The 65-page report, entitled “War Crimes Shouldn’t Pay,” claims South Sudan’s nearly three-year-old conflict has been fueled by battles over control of state assets and the country's natural resources.

While South Sudan is roiled in a “violent kleptocracy” with a negotiated peace deal in tatters, family members and close associates of the leaders post photos of themselves on social media on planes, in five-star hotels and in luxury vehicles.

“The simple fact is they’re stealing the money to fund their militias to attack and kill one another,” Clooney told a press conference in Washington yesterday before a meeting with Barack Obama.
South Sudan gained independence from Sudan in 2011, when Hillary Clinton was secretary of state, but plunged into conflict soon after Kiir fired Machar as vice-president in 2013. Both sides are accused of orchestrating mass rapes, child soldier recruitment and massacres of civilians. A peace deal reached a year ago under international pressure has been violated repeatedly by fighting, and Machar fled the country last month.

“The evidence is thorough, it is detailed and it is irrefutable,” maintained Clooney. “It involves arms dealers, international lawyers, international banks, international real estate and it is because of these international actors that we are also able to provide solutions to help end this criminal behavior to protect innocent civilians,” he said.

The Sentry, an initiative of The Enough Project and Not On Our Watch, said for the past two years, its undercover investigators pored over thousands of pages of legal records, corporate filings, financial statements and other official correspondence, tracked suspects on social media and used satellite imagery to gather and analyze data. The researchers travelled to locations including Melbourne, Adelaide, Kampala, Juba, Cairo and Nairobi to gather evidence and interview hundreds of experts and eyewitnesses.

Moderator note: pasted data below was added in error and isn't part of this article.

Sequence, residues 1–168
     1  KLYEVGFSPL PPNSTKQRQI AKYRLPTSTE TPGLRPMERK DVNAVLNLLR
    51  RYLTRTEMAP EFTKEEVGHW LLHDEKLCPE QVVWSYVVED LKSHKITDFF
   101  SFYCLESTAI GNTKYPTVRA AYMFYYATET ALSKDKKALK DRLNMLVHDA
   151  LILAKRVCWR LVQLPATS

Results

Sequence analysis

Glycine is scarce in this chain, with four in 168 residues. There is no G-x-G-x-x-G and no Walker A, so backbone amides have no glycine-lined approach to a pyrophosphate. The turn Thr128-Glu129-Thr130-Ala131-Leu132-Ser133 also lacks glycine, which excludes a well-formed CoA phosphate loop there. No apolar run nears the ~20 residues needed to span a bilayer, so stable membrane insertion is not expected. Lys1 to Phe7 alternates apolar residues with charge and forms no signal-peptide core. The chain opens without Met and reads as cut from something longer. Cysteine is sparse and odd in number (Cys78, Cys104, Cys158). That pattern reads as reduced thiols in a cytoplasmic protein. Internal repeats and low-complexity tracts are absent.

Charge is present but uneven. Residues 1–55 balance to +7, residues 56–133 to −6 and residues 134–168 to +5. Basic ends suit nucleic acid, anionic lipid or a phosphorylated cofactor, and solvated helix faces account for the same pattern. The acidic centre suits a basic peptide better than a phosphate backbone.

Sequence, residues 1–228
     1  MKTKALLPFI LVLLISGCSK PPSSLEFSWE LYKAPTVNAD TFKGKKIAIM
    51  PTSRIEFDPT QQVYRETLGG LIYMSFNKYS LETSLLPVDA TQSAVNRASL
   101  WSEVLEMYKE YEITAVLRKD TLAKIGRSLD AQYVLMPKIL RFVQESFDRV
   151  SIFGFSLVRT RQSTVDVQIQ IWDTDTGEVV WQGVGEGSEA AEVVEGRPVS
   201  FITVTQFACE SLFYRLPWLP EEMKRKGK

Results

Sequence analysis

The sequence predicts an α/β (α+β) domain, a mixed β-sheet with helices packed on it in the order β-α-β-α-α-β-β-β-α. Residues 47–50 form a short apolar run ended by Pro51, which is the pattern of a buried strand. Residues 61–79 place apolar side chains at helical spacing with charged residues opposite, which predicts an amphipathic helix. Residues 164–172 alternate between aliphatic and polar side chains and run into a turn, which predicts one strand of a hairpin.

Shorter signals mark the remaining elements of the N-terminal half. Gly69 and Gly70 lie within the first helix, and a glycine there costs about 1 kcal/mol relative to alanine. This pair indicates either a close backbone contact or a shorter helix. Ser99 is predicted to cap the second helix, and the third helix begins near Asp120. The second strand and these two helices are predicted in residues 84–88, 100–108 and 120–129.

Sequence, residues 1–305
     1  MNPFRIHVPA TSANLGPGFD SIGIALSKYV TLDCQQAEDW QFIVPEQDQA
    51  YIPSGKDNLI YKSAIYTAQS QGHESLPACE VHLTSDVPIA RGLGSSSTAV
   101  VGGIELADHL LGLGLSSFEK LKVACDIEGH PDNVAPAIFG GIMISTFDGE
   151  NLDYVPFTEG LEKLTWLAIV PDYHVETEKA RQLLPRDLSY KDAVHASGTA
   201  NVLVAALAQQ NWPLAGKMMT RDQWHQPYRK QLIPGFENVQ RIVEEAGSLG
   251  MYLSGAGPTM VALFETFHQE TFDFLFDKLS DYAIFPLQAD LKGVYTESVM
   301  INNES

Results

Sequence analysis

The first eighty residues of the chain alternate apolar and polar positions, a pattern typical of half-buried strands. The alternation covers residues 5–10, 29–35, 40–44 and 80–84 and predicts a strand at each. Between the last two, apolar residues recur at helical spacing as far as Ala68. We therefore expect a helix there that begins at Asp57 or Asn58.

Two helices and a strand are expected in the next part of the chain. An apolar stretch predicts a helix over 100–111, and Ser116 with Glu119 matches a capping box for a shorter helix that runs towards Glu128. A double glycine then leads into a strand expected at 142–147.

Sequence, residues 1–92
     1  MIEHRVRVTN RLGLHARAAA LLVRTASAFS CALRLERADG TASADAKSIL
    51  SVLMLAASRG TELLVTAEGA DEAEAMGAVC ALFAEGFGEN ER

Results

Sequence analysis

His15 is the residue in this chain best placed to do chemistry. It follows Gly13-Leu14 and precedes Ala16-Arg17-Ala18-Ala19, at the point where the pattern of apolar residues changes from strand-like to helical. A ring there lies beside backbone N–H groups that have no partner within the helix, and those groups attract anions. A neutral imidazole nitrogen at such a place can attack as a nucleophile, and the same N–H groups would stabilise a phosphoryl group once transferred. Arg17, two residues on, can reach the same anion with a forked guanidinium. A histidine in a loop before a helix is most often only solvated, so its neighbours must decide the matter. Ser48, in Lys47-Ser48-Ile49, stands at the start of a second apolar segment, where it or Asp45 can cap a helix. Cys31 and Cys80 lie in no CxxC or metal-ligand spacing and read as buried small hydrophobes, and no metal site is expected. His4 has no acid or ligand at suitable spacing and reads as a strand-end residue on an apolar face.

The report claimed individuals and major firms outside South Sudan had facilitated the deadly corruption. It said there was hard evidence of foreign companies making direct payments to the bank accounts of high-ranking South Sudanese generals. The banks that process the transactions also play a role, it said. Clooney’s colleague, Don Cheadle, He added: “These companies and banks can no longer say they didn’t know.” Clooney and his colleagues said they would present the findings to Obama, Secretary of State John Kerry and Treasury Secretary Jack Lew and urge the international community, including South Sudan’s neighbors, to crack down on banks that fail to stop dubious transactions, and impose asset freezes on those responsible for human rights violations.

Foreign donors sponsored South Sudan’s independence declaration in 2011 and have supplied billions of dollars in aid since the two political rivals pitted their tribes and armies against each other nearly three years ago, with the U.S. topping the list with $1.6 billion in assistance.
The conflict has cost thousands of lives since. About 1.6 million of South Sudan’s 12 million people have been forced to flee their homes, and some 5.2 million are in desperate need of humanitarian assistance, including food, according to the United Nations.